Pretty much the only city in Thailand that anybody outside of the region has ever heard of is Bangkok, both famous as a tourist destination and infamous for the debauchery it plays host to. Chiang Mai also gets a good bit of press. But there was a time when the center of culture and politics was entirely different.
Really Quick, Some History
Once upon a time the capital of Thailand was a city called Ayutthaya. This was back when Thailand went by another name: Siam. If you’re like me, the only bell rung by the word “Siam” is that is was the territory where 6-hour long games of Risk were always lost. I could never get my troops up from Australia fast enough. I’ll do my best to put my childhood board game baggage aside for this article though.
Siam was one of the great kingdoms of the ancient world. For a period of a few hundred years from the 1300s to the 1700s the capital of Siam was Ayutthaya: the Invincible City. The wealth of Siam was the stuff of legends. The kingdom was friendly to foreign traders from all corners of the world. They were allowed to set up permanent encampments outside the walls of Ayutthaya from which to conduct their business. When they returned from their far-flung voyages they told tall tales of a city of gold and battle elephants. French ambassadors returned home to tell King Louis XIV of a city whose wealth and sophistication rivaled that of Paris. Traders from Persia, India and Japan returned home with extravagant gifts for their kings. England and Holland bickered to gain diplomatic favor with this exotic power of the Far East. Ayutthaya was one of the wonders of the ancient world: a city totally coated in gold and studded with jewels the size of tangerines.
Yeah, things were going pretty well for Siam. In the old world national borders were blurry, shifting frequently and a never without bloodshed, but at the height of it’s power, Siam extended into what is now modern-day Cambodia, Laos, Burma, Malaysia and China. By the mid 1700s the 2 major powers in the region were Siam and Burma. Cue the Burmese-Siamese War, naturally.
The war was brief but catastrophic for Siam. Burma sacked Ayutthaya and stripped the city of all its spoils. They pulled the gold from the palace walls and the jewels from the temples, and then set it all ablaze. They decapitated thousands of gold statues of Buddha as a sign of disrespect to the king and took Siamese citizens as slaves. The Siamese army was forced to retreat to what is now Bangkok. They later re-took the city and drove the Burmese out of their lands but it was too late to save all of the gold. The wealth of Siam was gone.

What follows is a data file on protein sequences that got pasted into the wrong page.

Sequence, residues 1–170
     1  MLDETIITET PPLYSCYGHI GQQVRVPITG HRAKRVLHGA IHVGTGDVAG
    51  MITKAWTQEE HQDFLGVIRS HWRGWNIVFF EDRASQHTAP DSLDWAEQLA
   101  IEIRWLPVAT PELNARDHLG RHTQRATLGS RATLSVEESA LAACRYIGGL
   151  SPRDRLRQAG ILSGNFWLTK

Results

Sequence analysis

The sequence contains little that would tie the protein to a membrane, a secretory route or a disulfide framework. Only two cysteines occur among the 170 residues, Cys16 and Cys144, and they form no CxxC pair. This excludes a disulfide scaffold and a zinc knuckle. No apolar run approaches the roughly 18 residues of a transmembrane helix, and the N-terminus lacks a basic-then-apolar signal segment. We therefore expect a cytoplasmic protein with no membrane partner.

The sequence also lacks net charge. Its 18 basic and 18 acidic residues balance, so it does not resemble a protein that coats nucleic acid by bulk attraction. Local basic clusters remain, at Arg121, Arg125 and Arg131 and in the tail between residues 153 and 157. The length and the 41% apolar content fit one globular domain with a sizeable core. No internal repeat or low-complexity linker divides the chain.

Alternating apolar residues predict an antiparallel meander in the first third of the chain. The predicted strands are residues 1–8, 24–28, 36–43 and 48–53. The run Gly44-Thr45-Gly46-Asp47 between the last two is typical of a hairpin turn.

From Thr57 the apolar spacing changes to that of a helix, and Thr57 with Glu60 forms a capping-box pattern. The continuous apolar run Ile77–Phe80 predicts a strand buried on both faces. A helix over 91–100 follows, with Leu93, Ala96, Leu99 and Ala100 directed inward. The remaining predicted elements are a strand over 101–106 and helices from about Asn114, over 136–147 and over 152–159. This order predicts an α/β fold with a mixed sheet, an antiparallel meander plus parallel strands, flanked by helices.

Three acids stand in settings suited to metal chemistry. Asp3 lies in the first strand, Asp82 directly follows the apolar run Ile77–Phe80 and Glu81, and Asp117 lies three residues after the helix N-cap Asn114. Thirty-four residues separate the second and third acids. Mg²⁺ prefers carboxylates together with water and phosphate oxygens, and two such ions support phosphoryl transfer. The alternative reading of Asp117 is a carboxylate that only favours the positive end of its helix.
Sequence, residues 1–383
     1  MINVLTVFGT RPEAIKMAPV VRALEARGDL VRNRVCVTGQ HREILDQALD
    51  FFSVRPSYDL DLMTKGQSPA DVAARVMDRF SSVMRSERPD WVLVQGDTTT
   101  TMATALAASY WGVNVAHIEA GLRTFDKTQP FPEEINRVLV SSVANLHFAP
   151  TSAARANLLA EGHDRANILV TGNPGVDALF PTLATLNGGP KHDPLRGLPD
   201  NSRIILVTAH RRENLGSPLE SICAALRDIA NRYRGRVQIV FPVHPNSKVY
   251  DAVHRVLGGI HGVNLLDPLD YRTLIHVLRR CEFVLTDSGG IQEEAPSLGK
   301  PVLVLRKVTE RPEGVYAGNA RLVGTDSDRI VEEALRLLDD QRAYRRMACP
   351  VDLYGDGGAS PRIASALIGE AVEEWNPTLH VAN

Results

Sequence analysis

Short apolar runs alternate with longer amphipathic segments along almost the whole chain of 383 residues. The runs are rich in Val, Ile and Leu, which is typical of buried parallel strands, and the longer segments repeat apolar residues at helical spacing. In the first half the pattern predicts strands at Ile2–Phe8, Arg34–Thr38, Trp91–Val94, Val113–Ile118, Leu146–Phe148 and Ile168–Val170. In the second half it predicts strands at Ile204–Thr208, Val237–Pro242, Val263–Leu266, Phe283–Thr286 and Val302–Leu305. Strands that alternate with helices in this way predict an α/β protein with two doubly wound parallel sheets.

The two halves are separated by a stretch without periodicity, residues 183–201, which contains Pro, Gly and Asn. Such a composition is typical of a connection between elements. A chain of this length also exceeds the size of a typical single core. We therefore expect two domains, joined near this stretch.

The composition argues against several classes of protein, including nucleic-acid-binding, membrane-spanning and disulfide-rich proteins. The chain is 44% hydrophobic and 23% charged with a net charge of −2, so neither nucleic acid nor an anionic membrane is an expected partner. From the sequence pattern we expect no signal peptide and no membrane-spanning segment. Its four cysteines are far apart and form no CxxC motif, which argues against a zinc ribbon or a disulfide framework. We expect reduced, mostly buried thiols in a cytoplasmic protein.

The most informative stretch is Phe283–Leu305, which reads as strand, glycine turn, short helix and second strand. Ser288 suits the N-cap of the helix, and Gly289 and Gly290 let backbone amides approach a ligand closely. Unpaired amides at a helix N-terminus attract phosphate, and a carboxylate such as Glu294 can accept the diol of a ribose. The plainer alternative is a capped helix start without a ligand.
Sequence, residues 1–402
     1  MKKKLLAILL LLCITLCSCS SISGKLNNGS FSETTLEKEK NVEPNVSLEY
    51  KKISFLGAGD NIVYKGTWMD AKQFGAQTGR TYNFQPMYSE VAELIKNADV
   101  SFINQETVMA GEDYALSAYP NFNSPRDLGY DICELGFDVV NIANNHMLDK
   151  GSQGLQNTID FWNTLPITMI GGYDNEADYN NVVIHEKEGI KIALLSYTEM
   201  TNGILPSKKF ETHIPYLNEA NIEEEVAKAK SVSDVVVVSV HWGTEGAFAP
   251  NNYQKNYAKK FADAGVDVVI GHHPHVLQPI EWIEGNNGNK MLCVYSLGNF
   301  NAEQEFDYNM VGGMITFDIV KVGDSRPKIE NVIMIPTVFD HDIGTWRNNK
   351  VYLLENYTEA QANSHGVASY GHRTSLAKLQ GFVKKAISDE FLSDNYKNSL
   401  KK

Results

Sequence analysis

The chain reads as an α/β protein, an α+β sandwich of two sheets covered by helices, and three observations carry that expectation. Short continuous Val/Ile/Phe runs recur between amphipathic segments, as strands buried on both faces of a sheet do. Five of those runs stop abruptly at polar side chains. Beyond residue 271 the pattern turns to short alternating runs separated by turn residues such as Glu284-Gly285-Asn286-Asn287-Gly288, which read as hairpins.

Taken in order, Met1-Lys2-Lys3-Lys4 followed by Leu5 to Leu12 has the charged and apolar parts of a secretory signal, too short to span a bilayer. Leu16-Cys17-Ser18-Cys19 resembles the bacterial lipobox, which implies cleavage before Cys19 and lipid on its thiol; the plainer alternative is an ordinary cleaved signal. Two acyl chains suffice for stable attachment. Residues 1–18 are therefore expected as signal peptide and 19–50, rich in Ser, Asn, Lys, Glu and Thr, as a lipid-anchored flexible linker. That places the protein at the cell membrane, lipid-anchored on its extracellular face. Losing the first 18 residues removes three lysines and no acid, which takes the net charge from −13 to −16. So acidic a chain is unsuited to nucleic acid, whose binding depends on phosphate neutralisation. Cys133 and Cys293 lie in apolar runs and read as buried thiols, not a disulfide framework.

The golden city that existed during the golden age of the Siamese Empire has since been lost to the sands of time, like Eldorado or Atlantis... but it really did exist once. That is what we will be exploring in this post: the ruins of the ancient city of Ayutthaya. It might not look like much now, but you can still use your imagination! Once upon a time every structure you are about to see in these photos was coated in gold and jewels like caramel on an apple. Actually try to picture that in every picture you are about to see.
Wat Yai Chai Mongkhon
This was our first stop of the day. It is a grand Buddhist monastery. Like everything else in Ayutthaya, it is a shadow of what it once was, but it was still pretty crazy. It is even crazier to think that it was all once coated in gold. Like, I can’t even imagine.
Luckily, Nicky, my host (and tour guide), comes from a Buddhist family and was at one point an actual tour guide of these sites so she filled me in as we went. This would all have been way over my head otherwise. We walked around the temple clock-wise because going counter-clock-wise is apparently bad luck. She stopped at some of the shrines to pray for good luck while I awkwardly took pictures in the background. She explained everything I was seeing as we walked. I will do my best not to misrepresent what she told me.
There was a giant stone spire that stood at the center of the whole complex. There were stairs that led up into it. At the top of these stairs was a circle of Buddha statues that had been plastered particularly heavily with these golden papers. They surround a deep hole that had been covered by a metal grate. Deep at the bottom of that hole is where the Siamese hid a very important, ancient Buddhist text. They did a good job hiding it because the Burmese never found it. Thus, it returned safely to the hands of the Siamese when they retook Ayutthaya.
Many of the statues of Buddha were covered in sticky gold paper. Putting these papers on these statues is a way that people can honor Buddha: by making him more beautiful. Every statue of Buddha that surrounds this temple represents a real person – a prominent monk from the past. Some of them have been clothed in the traditional orange sheet, on which there are usually inscriptions. Families will provide these sheets for luck. It is true that this is a historical site, but it is also still an active monastery. Thai people often visit just to pray.
Wat Phanan Choeng: Giant Golden Buddha